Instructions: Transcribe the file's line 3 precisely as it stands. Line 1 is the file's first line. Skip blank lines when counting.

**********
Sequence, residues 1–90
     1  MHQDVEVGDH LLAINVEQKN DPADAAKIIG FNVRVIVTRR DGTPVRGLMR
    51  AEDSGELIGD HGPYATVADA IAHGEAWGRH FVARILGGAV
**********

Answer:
    51  AEDSGELIGD HGPYATVADA IAHGEAWGRH FVARILGGAV